Tuesday, 13 November 2012

Two Long Pigs

The story’s a little ill-conceived in spots, but there’s some nice work in “Alley to Bali,” a 1954 Woody Woodpecker cartoon directed by Don Patterson. Some effective layouts, good use of colour and Clarence Wheeler’s arrangements (or whoever was arranging for him) are highlights. And some of the animation’s pretty good, too. Herman Cohen, Ray Abrams and Ken Southworth aren’t known for being A-listers, but Cohen and Abrams were animating in the ‘30s and Southworth worked at Disney (in 1940, he was an office clerk for a wholesale grocer in Chicago).

There’s a really interesting speed/outline effect in this cartoon. I couldn’t tell you who drew it. Woody and Buzz Buzzard are sailors—deemed edible “long pigs” to some echoing volcano god in Indonesia. They’re lured to the volcano by the god’s female servant (using her femininity as bait).

Buzz rushes over top of Woody to get to the woman, but he consists of mutliple outlines.

Then Woody stretches back and he becomes a multiple outlines as races after Buzz.

The effect is used later when Homer Brightman’s story suddenly, and misguidedly, plays the dramatic climax for laughs. Somehow a frying pan is conjured up, Woody and Buzz land in it, there’s a salt-and-pepper-shaker gag, a temporary-transformation-into-sausage gag, then both become multiple outlines as they make a dash for it.

Yeah, that’s the creative way they get out of their predicament. They just run away. Nice going, Homer.

Patterson got bumped back into animating when producer Walter Lantz hired Tex Avery, then when Avery left, he wasn’t rehired to direct; Lantz brought in Alex Lovy from one of the commercial houses. Nothing against Lovy, but it’s too bad Patterson didn’t get a second shot.


  1. Even going back to the Ben Hardaway story period, Lantz cartoons habitually struggled mightily to come up with strong endings. This one's no exception.

    (Also, it's one of the great mysteries of animation history why, when given a chance to get Avery, Lantz decided to demote Patterson instead of Paul J. Smith. It might not have made a long-term difference in the studio's output, but Patterson's shorts from the mid-50s are the ones most people remember, and while Smith's early work was decent (not great), once you get past "Niagara Fools" it's hard to think of a Smith short that rises anywhere above 15-plus years of six-minute time-fillers).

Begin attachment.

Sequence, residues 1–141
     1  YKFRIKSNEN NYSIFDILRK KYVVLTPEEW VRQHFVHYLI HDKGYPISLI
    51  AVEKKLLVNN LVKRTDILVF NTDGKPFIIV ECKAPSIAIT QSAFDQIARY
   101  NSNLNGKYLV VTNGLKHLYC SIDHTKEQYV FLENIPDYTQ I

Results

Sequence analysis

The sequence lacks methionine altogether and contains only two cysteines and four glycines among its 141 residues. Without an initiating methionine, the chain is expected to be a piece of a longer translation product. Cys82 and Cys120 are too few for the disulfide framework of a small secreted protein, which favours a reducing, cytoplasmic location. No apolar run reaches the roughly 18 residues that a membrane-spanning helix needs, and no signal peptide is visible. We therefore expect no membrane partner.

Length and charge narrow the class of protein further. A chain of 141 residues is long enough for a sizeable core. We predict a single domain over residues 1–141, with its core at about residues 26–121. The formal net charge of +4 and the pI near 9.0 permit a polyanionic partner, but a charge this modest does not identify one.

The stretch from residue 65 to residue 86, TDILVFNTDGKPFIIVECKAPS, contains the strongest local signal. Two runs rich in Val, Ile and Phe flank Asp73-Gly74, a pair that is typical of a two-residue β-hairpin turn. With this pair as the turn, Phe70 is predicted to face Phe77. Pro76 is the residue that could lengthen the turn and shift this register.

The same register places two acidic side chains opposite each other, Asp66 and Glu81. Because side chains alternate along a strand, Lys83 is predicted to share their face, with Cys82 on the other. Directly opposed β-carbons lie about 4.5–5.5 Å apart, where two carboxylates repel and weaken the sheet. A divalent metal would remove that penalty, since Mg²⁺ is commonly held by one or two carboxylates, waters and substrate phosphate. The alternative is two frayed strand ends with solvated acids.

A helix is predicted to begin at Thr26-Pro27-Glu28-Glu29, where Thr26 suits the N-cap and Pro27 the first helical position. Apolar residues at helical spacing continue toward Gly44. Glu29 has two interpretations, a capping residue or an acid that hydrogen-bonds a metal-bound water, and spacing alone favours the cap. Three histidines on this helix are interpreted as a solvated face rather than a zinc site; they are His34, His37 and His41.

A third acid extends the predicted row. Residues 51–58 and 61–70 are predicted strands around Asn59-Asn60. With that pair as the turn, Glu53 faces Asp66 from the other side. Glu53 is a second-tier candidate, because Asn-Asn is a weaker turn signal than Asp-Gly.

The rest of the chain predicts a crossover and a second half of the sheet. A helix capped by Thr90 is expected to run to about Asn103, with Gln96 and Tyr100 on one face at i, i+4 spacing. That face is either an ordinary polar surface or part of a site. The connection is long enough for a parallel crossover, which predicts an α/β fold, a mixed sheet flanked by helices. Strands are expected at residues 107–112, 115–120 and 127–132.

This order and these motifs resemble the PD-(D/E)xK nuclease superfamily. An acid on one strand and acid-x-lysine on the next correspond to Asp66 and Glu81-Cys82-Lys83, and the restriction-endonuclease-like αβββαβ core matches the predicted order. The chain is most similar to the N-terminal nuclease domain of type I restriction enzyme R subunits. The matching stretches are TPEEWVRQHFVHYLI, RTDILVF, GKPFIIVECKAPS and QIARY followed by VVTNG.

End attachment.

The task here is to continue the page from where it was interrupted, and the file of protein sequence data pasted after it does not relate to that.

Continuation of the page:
2. "Termites From Mars" is my favorite '50s Woody cartoon. Love the channel-hopping interrupting news anchor, and Woody being zapped into his "outline" which becomes unfurled by a termite alien. Great job by Patterson.

    I concur-what was Lantz thinking?

  3. 11/14/12
    RobGems.ca wrote:
    Many Lantz cartoon fans wonder over the years why Lantz continued the fair-to mediocre direction of Paul Smith instead of Don Patterson. One or two confessions may be this: Smith was a family freind of Lantz's who knew him since the 1920's,and even had Smith's sister employed at Lantz's studio during the 1960's. Second: Smith was believed to be going blind near the end of his reign as a director (cira 1967-72,continuing until Smith's death in 1980.) Because he was a faithful & devoted partner over the years for Lantz, this is probably why Lantz kept Smith on the payroll until the end of the theatrical series in 1972,even though the worse Smith's bad-to failing eyesight had occured, the worse his sense of sight and direction got. Lantz decided not to discriminate Smith's crippling blindness by continuing to let him work at the studio, even if his work got more & more mediocre during the 1960's. It was all out of loyalty. On the other hand, Patterson was a well-respected director/animator who probably never recovered from Tex Avery's sudden departure from Lantz's studio in 1955;Either that or it was a financial dispute.

  4. Ohh, some of the posing is pretty flexible and it's really GOOD too, you sure won't find this kind of life and vitality in any other directors films at Lantz AFTER this period that's for sure, with some exceptions.